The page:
• Well, I subscribe to a style (Egyptian) and I care very much about getting it right! It is not my dance and so I defer to the people who really know it. The one thing that Egyptian teachers have said over and over is the importance of feeling, of expression. What feeling is more important than fun and what is better than sharing that with others? 😉

  4. Emma, sweetie, you are/have been a great inspiration to me, every time I’ve met up with you BECAUSE your expression shines through your dancing. You call it feeling, I call it personality. The person that is Emma is the person that creates your beautiful dancing and I see your performances and the giving of yourself as an enormous compliment to your audiences. I still maintain that your ‘standing still’ workshop was the best I’ve ever attended. Sad that we may not be meeting up again for a while, at least. Be happy. xx

    • Thank you Geraldine. That’s one of my very favourite workshops to teach and I always love the transformation I see in the people who attend it.

  5. I hear you.

    I started writing a long comment, but it was basically a grumble, repeating most of what you already said. Suffice to say that what passes as good dancing (or even award-winning dancing) leaves me cold a lot of the time, too – especially ‘competition style’. I’ll admit that I’m not so good at actually *expressing* emotion in my own dancing either, because as a repressed English person, I have never really learned to express myself freely through facial expressions and body language in daily life, let alone in dance – so deep emotion tends to come out looking more like I’m experiencing mild discomfort :-/ but I do try…

    The thing I’m most saddened by is the lack of interest in Arabic music in the bellydance community. IMO the music is the source that everything else springs from. Arabic dance done by people who only listen to ‘bellydance’ recordings is doomed to be emotionally empty. And how many bellydancers do listen to ‘real’ Arabic music for pleasure? I can certainly think of some who I know do, but they seem to be in the minority. It’s depressing that in a world of bellydance enthusiasts, it’s hard to find people who I can share that particular joy with. But at least I can always go and listen to Oum Kalthoum alone in my living room :)

    I guess you probably already know about Alia Thabit’s current book project, which seems very relevant to this (I’m eagerly awaiting my copy…) https://www.kickstarter.com/projects/alia/midnight-at-the-crossroads-has-belly-dance-sold-it

    • Well, you won’t like this advice – that you didn’t ask for! – but I’d listen to some Western music if you want to get some practice at letting your emotions out with music. Music you grew up with, music that provokes a response that you don’t control. For example: there is a song that I used to sing in a couple of choirs with my school friends. This year one of them got married and I listened to the Christ Church choir sing it in the chapel as she signed the register. It was exquisitely beautiful. I will never be able to listen to that song without a tear in my eye! I agree that you need to listen and listen and listen to Arabic music to get anything even approaching the sort of familiarity you have with the music of your own culture, but expression is a separate skill and like any other new skill takes time. Few people would learn to read from Shakespeare :)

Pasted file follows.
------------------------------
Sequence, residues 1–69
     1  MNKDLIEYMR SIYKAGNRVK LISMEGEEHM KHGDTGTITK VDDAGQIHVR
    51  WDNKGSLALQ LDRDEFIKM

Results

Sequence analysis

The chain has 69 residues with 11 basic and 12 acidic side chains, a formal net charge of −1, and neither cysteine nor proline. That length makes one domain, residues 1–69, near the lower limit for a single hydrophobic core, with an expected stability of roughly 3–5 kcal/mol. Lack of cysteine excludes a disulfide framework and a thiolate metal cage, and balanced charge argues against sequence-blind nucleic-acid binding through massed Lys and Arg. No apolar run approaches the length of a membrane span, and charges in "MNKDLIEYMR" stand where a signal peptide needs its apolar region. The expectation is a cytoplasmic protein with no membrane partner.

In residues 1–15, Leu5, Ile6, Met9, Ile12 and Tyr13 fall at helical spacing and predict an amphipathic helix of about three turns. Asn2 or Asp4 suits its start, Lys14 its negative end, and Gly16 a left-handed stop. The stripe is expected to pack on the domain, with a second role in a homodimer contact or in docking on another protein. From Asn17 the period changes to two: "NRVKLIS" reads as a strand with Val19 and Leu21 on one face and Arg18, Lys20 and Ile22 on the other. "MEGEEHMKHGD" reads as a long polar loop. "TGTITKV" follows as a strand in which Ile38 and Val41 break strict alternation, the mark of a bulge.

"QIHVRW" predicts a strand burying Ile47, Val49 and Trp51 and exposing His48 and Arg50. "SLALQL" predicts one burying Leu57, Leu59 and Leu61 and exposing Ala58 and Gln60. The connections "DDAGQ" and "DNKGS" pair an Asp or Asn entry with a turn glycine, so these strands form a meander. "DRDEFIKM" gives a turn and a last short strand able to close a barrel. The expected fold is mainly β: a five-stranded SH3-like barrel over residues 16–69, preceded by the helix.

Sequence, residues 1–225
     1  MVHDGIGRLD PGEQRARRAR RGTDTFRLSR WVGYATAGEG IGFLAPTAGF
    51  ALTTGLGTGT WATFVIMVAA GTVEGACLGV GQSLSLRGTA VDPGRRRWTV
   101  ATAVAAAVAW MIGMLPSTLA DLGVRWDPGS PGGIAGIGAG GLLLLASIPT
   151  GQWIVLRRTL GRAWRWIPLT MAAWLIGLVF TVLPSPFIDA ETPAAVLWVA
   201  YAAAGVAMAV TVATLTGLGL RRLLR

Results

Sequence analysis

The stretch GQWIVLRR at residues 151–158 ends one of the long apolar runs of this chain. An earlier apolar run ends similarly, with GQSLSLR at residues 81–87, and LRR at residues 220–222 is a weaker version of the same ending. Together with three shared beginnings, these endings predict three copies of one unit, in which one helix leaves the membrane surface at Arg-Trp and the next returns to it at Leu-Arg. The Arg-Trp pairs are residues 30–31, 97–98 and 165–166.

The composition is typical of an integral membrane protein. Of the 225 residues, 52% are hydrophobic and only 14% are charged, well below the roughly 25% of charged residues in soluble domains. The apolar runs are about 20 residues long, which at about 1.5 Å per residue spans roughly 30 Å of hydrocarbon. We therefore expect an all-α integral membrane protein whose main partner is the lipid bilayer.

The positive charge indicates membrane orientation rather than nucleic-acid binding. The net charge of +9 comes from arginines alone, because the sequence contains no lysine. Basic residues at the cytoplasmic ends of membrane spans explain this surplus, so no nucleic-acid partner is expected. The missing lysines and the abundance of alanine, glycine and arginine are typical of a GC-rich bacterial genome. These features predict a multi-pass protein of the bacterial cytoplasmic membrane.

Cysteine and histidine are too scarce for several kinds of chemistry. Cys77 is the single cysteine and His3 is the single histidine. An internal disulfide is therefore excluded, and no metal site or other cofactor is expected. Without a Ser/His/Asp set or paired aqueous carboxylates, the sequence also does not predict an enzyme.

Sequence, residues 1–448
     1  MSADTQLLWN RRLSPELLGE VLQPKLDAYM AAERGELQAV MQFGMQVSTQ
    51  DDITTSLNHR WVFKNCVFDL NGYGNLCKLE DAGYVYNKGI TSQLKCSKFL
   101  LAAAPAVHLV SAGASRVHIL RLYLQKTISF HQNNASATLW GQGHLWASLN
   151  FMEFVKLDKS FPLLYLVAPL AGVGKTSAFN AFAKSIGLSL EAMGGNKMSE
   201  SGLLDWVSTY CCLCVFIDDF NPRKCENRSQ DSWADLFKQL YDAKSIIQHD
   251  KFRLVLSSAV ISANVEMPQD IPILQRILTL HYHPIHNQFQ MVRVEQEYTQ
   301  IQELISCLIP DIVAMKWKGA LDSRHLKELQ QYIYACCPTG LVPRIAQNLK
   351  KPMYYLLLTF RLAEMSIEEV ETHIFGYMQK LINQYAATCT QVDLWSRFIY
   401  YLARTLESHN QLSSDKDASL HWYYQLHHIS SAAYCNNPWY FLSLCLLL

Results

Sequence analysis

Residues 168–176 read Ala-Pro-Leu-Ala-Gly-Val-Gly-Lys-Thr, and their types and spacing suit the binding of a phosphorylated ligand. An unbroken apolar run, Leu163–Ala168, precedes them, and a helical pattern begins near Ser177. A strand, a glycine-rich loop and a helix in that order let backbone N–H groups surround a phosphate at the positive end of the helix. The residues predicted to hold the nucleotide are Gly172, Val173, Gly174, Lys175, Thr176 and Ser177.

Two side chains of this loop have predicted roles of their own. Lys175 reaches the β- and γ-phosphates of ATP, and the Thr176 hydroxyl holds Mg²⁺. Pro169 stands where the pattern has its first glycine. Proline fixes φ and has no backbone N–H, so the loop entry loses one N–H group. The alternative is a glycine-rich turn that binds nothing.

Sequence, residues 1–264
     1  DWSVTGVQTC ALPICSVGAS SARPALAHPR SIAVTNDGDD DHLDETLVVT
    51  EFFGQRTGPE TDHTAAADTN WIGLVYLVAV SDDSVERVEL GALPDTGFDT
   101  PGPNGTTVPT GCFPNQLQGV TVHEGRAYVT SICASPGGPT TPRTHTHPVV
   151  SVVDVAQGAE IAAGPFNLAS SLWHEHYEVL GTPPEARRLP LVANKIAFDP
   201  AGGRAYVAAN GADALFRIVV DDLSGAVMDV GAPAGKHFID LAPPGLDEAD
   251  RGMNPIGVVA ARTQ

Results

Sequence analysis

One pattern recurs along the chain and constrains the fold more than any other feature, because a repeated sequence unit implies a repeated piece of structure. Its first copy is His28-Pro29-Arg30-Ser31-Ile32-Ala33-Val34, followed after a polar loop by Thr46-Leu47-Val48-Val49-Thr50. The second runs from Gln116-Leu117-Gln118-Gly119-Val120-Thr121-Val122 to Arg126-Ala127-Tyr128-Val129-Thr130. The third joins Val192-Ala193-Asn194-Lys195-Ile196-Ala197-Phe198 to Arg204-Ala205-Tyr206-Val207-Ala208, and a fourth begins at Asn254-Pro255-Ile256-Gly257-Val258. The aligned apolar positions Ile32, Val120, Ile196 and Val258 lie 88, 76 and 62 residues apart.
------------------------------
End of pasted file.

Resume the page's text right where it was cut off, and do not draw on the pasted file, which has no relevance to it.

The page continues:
6. So very true. I went with a bunch of my troupe members to a performance a few weeks back and they remarked how good a particular dancers was.
    I didn’t like her as much as they did, simply because she had an entirely blank expression the entire time.
    I find myself guilty of this too, but I find I do end up having more fun when I’m facially expressing myself than when I’m being stoic.

    I’m sorry to hear that you’ve stopped dancing, but something a break is good for the soul. I hope you find your way back into it with love again. :)

  7. I also have a tabla. After reading all the posts, I think I might asign more time to actually practising it. I’ve been a belly dancer for 21 years. Not stopping yet. I prefer Egyptian style but also some of the folkloric forms such as Shaabi and Khaleegi.

    Regardless of the style I agree that the dance is not alive unless there is some emotion, some theatricality. Much prefer a dancer who can share that life.

    • I’ve travelled a lot for dance and seen dancers from all over the world and this is what I base my reflections on. I am not singling out any one place. My experiences with the dance community in Utah have been very positive. This wasn’t clear in this post and I am sorry that I hurt your feelings with this lack of clarity.

Leave a Reply

Your email address will not be published. Required fields are marked *